The WasteFinder is a two-part system that provides both tactile and visual information to assist individuals with disabilities to independently and effectively dispose of their waste in public spaces. The Vicinity Indicator The Vicinity Indicator surrounds the surface area of the waste disposal unit. It lets individuals know when they’re within a certain distance of the commercial recycling bins. It can be felt distinctly underfoot even when using mobility devices. The Stream Indicators waste finder Once in the vicinity of the accessible recycling bins, the Stream Indicators help the user determine where to place their waste using raised symbols on the floor, so the user never needs to touch a commercial recycling bin in search of braille or other tactile indicators, or get close enough to the waste disposal unit to read its signs. The Stream Indicators also use simple shapes that are easily detected underfoot or through a mobility device. We installed the first prototype at the CNIB headquarters for testing and feedback and modified it to make it more accessible and inclusive. The shapes were originally at a 90-degree angle but are now more contoured.   The outline is representative of the shape now.  AT CNIB, the Custodial staff found that it was diverting more waste from landfills and it was effective. hillary-1-1 We worked hard to find a manufacturer.  I was very adamant to avoid having it made overseas and wanted to maintain sustainability in all aspects of the business. Finally, we found Uni-Spray Systems (a local company in Cambridge, ON) in early 2019. After that, we put our focus into looking for different opportunities to implement the product.  But then the pandemic hit. Since then, we pivoted the business and expanded the products to become inclusive social distance indicators which gained some traction.  But I’m excited to be pivoting back to sustainability and recycling solutions.  [caption id="attachment_5680" align="aligncenter" width="400"]Inclusive CleanRiver hosted the 3rd Stil Design Lab.[/caption]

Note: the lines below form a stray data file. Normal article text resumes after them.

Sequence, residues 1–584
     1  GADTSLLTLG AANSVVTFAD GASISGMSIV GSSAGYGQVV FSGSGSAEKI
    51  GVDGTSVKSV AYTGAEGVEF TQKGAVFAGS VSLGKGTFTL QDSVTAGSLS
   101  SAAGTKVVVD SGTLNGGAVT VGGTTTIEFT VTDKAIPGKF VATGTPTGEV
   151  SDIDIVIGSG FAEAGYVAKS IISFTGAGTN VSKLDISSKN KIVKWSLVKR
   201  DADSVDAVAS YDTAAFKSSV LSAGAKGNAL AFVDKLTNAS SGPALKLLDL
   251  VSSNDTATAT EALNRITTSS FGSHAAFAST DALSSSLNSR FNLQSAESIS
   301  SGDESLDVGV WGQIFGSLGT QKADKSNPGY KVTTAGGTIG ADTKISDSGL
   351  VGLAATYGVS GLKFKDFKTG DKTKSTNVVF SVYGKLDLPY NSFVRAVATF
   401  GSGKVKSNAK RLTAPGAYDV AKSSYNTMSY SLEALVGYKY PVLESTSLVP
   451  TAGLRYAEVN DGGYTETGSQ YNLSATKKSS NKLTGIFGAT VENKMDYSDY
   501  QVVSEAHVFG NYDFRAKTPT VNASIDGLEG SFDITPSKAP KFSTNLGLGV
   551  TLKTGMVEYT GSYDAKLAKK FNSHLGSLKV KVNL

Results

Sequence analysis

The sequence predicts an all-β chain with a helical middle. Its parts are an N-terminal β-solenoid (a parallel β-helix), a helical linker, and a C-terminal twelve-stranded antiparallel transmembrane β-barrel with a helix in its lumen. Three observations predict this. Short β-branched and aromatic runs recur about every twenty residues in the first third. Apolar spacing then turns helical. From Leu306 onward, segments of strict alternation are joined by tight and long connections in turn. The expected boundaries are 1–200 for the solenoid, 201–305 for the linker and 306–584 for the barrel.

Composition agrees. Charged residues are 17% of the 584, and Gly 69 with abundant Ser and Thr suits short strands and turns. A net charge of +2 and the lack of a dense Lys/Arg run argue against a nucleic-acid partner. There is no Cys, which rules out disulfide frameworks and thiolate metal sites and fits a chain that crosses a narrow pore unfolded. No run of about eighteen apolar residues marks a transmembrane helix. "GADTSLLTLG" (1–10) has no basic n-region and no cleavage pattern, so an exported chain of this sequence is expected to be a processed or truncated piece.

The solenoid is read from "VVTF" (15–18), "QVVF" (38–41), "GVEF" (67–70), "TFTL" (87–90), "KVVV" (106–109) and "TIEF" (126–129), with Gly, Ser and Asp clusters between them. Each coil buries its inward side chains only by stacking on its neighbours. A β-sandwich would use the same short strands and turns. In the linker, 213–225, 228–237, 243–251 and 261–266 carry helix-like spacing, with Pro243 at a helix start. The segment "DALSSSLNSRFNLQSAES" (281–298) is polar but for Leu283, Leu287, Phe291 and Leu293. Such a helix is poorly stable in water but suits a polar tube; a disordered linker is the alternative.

“What materials is the WasteFinder made from?”

It’s made of vinyl, so it’s extremely long-lasting and can be used indoors and outdoors.   I’m currently working to develop a protocol for customers to recycle old Waste Finders.

“In your own words what is the STIL mission?”

[caption id="attachment_5677" align="aligncenter" width="450"]Inclusive CleanRiver, Laurier Students and CNIB Clients working together.[/caption] A social enterprise to enable and empower people with disabilities to find and dispose of their waste properly and effectively. I’m really looking to extend our impact and reach.  We are currently working with the Ontario and federal governments on their accessibility strategy.  I would love the Waste Finder to be similar to the mandatory accessibility protocols at every cross-walk.  So, similarly, the goal is that all commercial recycling bins would eventually be retrofitted with the Waste Finder system.

“What are the next steps for STIL and the WasteFinder?”

We already have over a dozen in Ontario and would be looking to expand our impact and client base. To do this, we will be looking to grow our team and acquire additional funding.